Posted by Jackie on April 12, 2010
Tomorrow night, April 13, the LHS subcommittee will meet at the Rogers School, starting at 7 p.m., with a short, yet controversial agenda. First up is clarification regarding the decision to use half of the proceeds from this year’s annual golf tournament to restore Alumni Field instead of the full amount going toward student scholarships as in previous years. The second agenda item is a review of a report on student scores on advanced placement tests over the last three years: how the scores compare to course grades, and how last year’s students did compared to their peers nationally. Finally, the third agenda item is a discussion of the course weighting issue as it relates to the Latin Lyceum, particularly freshmen year. Yesterday’s Sun published an article on the program, which based on the many comments on its website, certainly stirred strong feelings from students, parents, teachers and others. As always, Lowell School Committee meetings are open to the public, and the community is welcome to attend.
posted in Education, Lowell High |
Posted by Jackie on April 7, 2010
If you’re like me, you probably threw the envelope in a pile with junk mail to deal with another day. Well, that day is coming soon: Mail your completed form before April 19 or a census worker will have to come to your door to collect the information, and you know the state can’t afford that expense. We also can’t afford NOT to count every resident. That gives us all about 10 days to mail the information, so do it today! Keep in mind, census data is used to qualify for billions in federal aid for schools, hospitals and transportation needs—about $2,000 in federal aid per resident. Census data also determines how many representatives Massachusetts sends to Congress, meaning we need every resident to be counted so we can keep our 10 congressional seats! If you have questions or need to see a form, check MassVote here.
On a local note, Secretary of State William Galvin visited the Daley Middle School in Lowell a few weeks back to pitch the importance of the census to sixth grade students. (It was part of a statewide education effort conducted in several schools.) After his presentation, the questions from our students shed some light on their unique perspective of all things census, such as: If you’re pregnant do you count as one or two people? If you struggle with reading or don’t speak English well, will someone help you? And if you are homeless or in the hospital, how will your information be included? (Out of the mouths of babes, we learn the reality of our community.) Since most of us don’t have those challenges, we should just complete the form and get it in the mail asap!
posted in State Concerns |
Posted by Margaret on April 2, 2010
At the back of the library copy of Olive Kitttredge by Elizabeth Strout, there is an interview with the author at which Olive is present and, in truth, Olive is so real to me that I can very easily imagine the scene, especially where she tells Strout that something is “none of your damned business.” That’s Olive for you. (I’m a little afraid she might call me up if I say too much about her, except I don’t think she reads blogs). The imagined encounter is also a good illustration of the humor that can be found lurking throughout the book, even in some of the more difficult situations (I’m thinking of the hostage situation where Olive starts in about her religious mother-in-law for one). Another sly undercurrent occurs when Olive says to her husband Henry about the Kennisons, a retired couple from Massachusetts, that “she must spend her life making up for his boorishness.” You immediately think that the same could probably be said of Henry about Olive! For the truth is she is rather difficult.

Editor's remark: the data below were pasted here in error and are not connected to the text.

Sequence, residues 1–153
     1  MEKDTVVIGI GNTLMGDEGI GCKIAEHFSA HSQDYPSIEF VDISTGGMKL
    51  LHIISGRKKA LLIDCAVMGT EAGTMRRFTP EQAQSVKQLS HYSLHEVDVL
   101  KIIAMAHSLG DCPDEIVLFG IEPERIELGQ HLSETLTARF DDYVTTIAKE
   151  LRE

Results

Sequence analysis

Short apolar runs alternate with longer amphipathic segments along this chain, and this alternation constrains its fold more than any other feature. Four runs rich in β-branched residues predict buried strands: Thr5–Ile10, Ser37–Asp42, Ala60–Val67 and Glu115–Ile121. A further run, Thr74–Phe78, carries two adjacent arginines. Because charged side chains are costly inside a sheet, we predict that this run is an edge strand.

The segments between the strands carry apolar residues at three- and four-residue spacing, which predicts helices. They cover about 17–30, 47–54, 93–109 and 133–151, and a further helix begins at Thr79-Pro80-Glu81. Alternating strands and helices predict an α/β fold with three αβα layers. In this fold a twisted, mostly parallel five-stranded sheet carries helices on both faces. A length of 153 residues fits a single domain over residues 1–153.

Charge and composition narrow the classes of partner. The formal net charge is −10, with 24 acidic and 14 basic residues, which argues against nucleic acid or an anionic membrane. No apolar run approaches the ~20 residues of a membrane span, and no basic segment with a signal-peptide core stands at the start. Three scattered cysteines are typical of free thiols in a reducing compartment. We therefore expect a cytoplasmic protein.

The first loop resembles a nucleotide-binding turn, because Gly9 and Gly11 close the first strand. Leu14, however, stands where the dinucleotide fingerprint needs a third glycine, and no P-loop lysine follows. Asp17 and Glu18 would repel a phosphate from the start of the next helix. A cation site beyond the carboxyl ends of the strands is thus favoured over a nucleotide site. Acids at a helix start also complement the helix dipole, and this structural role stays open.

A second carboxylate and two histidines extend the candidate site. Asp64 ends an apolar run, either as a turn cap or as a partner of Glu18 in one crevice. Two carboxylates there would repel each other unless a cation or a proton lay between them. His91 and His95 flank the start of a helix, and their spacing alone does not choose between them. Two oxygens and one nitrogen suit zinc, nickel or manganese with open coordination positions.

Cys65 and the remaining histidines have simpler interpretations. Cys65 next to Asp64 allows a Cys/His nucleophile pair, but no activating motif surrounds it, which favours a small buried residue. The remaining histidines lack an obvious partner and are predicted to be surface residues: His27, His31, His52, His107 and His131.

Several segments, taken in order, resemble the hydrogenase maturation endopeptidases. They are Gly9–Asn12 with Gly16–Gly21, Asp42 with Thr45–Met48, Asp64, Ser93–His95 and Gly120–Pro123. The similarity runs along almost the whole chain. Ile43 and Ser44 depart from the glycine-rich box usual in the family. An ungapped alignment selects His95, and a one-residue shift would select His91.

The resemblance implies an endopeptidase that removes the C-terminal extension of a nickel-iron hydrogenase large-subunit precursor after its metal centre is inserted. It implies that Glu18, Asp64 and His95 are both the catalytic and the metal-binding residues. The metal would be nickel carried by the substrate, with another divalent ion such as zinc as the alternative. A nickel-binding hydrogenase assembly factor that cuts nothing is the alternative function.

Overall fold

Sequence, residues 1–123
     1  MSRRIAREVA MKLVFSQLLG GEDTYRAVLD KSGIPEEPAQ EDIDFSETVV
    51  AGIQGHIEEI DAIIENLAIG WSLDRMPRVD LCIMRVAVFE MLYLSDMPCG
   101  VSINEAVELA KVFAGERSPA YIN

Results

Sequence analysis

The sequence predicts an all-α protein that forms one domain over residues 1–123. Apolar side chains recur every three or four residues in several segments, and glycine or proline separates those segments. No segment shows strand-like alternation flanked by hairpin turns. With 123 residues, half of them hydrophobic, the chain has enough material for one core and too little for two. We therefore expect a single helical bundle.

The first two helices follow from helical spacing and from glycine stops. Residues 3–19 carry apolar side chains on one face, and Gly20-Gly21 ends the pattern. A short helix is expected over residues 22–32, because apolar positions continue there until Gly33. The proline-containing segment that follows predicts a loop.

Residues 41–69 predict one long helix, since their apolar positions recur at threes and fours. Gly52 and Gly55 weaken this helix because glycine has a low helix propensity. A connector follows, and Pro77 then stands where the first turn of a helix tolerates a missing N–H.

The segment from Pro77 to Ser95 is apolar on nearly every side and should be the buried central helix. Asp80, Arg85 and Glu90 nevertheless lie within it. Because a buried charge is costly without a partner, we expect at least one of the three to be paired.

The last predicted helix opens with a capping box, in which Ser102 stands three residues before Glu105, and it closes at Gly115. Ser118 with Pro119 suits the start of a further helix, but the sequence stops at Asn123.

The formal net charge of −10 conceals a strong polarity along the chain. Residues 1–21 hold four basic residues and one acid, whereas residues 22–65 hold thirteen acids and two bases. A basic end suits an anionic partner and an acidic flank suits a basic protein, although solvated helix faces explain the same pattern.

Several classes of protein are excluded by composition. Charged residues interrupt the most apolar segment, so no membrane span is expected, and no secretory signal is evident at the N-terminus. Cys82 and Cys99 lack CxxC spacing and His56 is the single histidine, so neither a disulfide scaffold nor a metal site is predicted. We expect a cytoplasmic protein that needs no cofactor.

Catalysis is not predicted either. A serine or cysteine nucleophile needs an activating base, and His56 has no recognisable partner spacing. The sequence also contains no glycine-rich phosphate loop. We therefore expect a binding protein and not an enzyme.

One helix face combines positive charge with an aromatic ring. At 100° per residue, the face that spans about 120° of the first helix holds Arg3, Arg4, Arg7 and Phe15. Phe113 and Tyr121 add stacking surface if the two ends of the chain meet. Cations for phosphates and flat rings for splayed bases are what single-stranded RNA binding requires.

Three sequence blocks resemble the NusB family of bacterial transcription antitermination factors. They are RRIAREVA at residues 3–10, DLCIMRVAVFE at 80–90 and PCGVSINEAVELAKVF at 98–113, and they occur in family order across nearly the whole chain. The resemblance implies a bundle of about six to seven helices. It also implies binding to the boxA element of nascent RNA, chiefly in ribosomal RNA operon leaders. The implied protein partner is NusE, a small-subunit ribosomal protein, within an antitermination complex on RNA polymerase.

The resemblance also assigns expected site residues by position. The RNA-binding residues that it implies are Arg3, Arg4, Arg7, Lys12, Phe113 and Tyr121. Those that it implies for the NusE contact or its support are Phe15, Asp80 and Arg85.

The book is made up of thirteen stories, all set in a coastal town in Maine (Brunswick?) and all either revolving around or somehow alluding to Olive. While Olive is not quite the center of the book, somehow the web of stories brings her to the foreground, probably in a way that would seem odd to her, since she has trouble, in the beginning at least, of seeing herself through the eyes of others. The setting, if you’ve ever spent any time in Maine, is as real as Olive- with lobstermen, donut shops, church suppers, the wry humor of the people and the skeptical attitude displayed towards out-of-staters, those “from away.” On the other hand, as a friend pointed out, the human drama could be situated anywhere – the problems of marriage, children, aging, the dangerous reefs that must be avoided in any long-held relationship, the problem as well as the need of other people. Strout doesn’t say too much, but her methods bring a world to life and with it a connection to our own worlds – our own hopes and fears. Get to know Olive; she’s worth it.
posted in Books |